Here is a brief profile and biography of Indian
billiards player Wilson Jones. Read for information on Wilson Jones
Wilson Jones Profile
- Won the National Billiards Championship 12 times
- Won the World Billiards Championship twice (1958 and 1964)
- Arjuna Award in 1962
- Padma Shri in 1965
- Dronacharya Award in 1996
Wilson Lionel Garton Jones, generally known as Wilson Jones was an Indian Billiards Player, and was the first World Champion in any sport that India had produced. Not only excellent Player, he also served as a commendable Billiards player and polished a number of Indian Billiards Players into extra-ordinary performers at International level.
He was born on the 2nd of May 1922 at Pune, Maharashtra to an Anglo-Indian couple. He had developed love for the game of Billiards at a very early age when he used to watch his uncle play it in Pune. Jones received his education at the Bishop High School and St. Vincent’s High School, Pune. At the age of 17 years he joined the War Service in the year 1939. Afterwards, he served at the Mazagon Docks in Bombay (now Mumbai) as a Security Officer from the year 1947 to 1950. Further, he joined the ‘House of Vissanji’. Vissanji was himself a great Billiards passionate, and while working along with him Jones got a chance to play the game for the first time.
William learned the basics of the game very rapidly, and soon began outperforming the players who were much senior to him. He grabbed his first National title when he won the Amateur National Snooker Championship in the year 1948. He won the National Snooker title four times more, in the years 1952, 1954, 1958 and 1960 too. In the year 1950 he won his first National Billiards Championship title, when he defeated T.A. Selvaraj in the Final Match. The next year, he again beat Selvaraj in the Final Round to clinch the title twice in a row. In the year 1953, he outclassed Chandra Hirji in the Final Round and won the crown again. Chandra continued to be his archrival till the year 1958. Jones won the Amateur National Billiards Championship for 12 years during the year 1950 to 1966. Apart from it, Jones won the State Billiards Championship for 8 times and the State Snooker Championship for 6 times.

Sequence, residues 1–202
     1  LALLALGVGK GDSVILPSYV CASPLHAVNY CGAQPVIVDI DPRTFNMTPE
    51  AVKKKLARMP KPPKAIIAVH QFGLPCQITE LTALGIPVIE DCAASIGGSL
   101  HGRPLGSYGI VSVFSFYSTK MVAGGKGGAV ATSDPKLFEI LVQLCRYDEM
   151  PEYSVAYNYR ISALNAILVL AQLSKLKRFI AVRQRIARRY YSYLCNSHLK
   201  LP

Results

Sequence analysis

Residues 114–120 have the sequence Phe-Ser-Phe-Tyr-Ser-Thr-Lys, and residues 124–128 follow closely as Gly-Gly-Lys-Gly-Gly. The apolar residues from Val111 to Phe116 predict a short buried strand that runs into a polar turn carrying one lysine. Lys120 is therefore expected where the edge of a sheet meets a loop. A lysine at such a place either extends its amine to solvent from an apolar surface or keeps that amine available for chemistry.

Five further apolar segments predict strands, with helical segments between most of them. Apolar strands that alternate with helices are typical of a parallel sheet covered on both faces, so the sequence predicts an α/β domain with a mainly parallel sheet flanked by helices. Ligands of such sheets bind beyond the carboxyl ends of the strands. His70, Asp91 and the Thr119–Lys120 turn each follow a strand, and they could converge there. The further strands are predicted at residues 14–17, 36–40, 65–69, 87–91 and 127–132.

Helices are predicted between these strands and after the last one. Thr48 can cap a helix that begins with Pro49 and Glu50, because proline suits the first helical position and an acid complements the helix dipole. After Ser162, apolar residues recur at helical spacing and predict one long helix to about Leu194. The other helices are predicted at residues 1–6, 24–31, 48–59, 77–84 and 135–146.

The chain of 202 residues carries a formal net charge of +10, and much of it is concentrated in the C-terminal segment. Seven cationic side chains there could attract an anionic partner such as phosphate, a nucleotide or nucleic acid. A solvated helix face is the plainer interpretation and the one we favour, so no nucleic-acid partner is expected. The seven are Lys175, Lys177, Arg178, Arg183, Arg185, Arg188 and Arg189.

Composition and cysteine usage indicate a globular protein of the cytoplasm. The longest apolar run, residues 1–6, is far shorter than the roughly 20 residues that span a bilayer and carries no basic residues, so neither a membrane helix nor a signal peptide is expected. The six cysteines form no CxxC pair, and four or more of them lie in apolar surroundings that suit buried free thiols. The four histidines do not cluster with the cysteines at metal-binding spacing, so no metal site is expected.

Wilson made his debut into the International Billiards Circuit in the year 1951 when he participated in the World Amateur Billiards Championship held at Calcutta (now Kolkata), but finished at the last spot in the tournament. The next year he went to London to participate in the same tournament, but still couldn’t make a mark for himself. Nevertheless, Jones returned to India with a Best Sportsman award that he earned at the tournament in London. In the year 1954 he played at World Amateur Billiards Championship held at Sydney, and finished at 4th place in the Round Robin matches.
Finally, the big day arrived for Wilson Jones on the 11th of December 1958, when he emerged as the winner in the World Amateur Billiards Championship held at Great Eastern Hotel, Calcutta. Wilson was the first ever Sportsperson of Independent India who had won the World Championship in any sport, which made his victory even more important for the nation. In the year 1959, he finished 3rd at the World Amateur Billiards Championship held in England, but he managed to score an excellent break of 598 at the tournament. He won the World Billiards title once again in the year 1964.
After playing a wonderful innings as a Billiards player, Wilson Jones turned a Billiards Coach and proved to one of the greatest mentors in the game. He nurtured the talents like Ashok Shandilya and Subhash Agrawal who went on to win the World Billiards titles in the coming future, and inspired a whole new breed of Billiards players to perform excellently at the International level.
Awards & Honors
To commemorate his extra-ordinary talent in the sport of Billiards and his consistent achievements in the game, the Government of India honored Wilson Jones with the Arjuna Award in the year 1962. Further, he was conferred upon the Padma Shri award in 1965, and the Dronacharya Award in the year 1996.
Comment On This Article